Ryanair cabin crew can choose to be subject to the employment law of the country they are based in, not that of the airline, the European Union top court ruled on Thursday, dealing the low-cost airline a setback.

Ryanair lost today an EU court battle in which the airline had sought to continue imposing business-friendly Irish labor laws on cabin crew working elsewhere in Europe.

The European Court of Justice in Luxembourg ruled in favor of cabin crew based at the Irish carrier’s Charleroi airport base in Belgium. The employees took the airline to a local court, believing Belgian law would be more favorable to them.

Ryanair argued that Irish law applied to their Irish contracts.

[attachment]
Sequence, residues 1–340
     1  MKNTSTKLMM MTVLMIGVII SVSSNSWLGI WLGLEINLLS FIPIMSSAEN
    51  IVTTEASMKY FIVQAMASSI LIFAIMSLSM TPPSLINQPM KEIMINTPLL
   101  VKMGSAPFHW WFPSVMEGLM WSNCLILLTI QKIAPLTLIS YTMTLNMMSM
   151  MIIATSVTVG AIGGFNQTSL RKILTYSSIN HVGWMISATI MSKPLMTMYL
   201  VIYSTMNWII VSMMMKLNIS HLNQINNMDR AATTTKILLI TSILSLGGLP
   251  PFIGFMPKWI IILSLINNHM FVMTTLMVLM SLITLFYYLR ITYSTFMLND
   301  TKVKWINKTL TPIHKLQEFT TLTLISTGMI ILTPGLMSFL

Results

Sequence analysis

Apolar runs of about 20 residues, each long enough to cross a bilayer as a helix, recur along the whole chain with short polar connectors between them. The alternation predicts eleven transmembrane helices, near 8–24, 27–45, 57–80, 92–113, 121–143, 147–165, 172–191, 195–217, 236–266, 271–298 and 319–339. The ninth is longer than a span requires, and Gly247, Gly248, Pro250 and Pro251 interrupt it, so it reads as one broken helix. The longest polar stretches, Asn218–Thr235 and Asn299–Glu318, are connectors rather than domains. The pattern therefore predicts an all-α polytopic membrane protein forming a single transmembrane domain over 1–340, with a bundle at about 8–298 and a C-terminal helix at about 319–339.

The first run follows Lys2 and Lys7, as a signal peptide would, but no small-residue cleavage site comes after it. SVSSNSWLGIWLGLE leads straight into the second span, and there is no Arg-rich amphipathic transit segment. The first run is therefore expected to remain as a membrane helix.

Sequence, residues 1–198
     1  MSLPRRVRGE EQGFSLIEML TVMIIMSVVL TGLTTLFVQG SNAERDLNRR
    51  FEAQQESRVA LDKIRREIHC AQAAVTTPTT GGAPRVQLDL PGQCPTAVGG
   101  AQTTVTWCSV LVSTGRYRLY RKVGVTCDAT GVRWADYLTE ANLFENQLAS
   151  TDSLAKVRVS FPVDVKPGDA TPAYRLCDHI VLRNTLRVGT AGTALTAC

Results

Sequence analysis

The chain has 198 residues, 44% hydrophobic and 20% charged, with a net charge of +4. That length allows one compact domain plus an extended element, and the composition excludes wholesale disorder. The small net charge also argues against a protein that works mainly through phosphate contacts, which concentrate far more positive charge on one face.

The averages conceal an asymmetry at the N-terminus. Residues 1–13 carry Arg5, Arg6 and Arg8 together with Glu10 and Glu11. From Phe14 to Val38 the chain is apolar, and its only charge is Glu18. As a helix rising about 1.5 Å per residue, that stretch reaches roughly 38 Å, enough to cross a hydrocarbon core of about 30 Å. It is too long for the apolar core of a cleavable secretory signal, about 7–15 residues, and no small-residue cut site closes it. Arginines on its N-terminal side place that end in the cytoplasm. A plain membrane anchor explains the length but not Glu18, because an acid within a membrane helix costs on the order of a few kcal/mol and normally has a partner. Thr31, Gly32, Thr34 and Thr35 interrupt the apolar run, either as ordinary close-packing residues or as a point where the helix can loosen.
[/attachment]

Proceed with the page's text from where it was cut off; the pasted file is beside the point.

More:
“The Court points out first of all that, as regards disputes related to employment contracts, the European rules concerning jurisdiction are aimed at protecting the weaker party,” the Luxembourg-based ECJ said in a statement.

“Those rules enable inter alia an employee to sue his employer before the courts which he regards as closest to this interests,” it said.

The ruling will come as a relief to cabin crew in Europe who are unsure what laws apply to them.

The crew involved in the case had employment contracts drawn up under Irish law which said their work was to be regarded as being carried out in Ireland since they were working on Irish-registered aircraft.

But Charleroi airport in southern Belgium was designated as their base, meaning they started and ended their working days there and had to reside within an hour of that airport.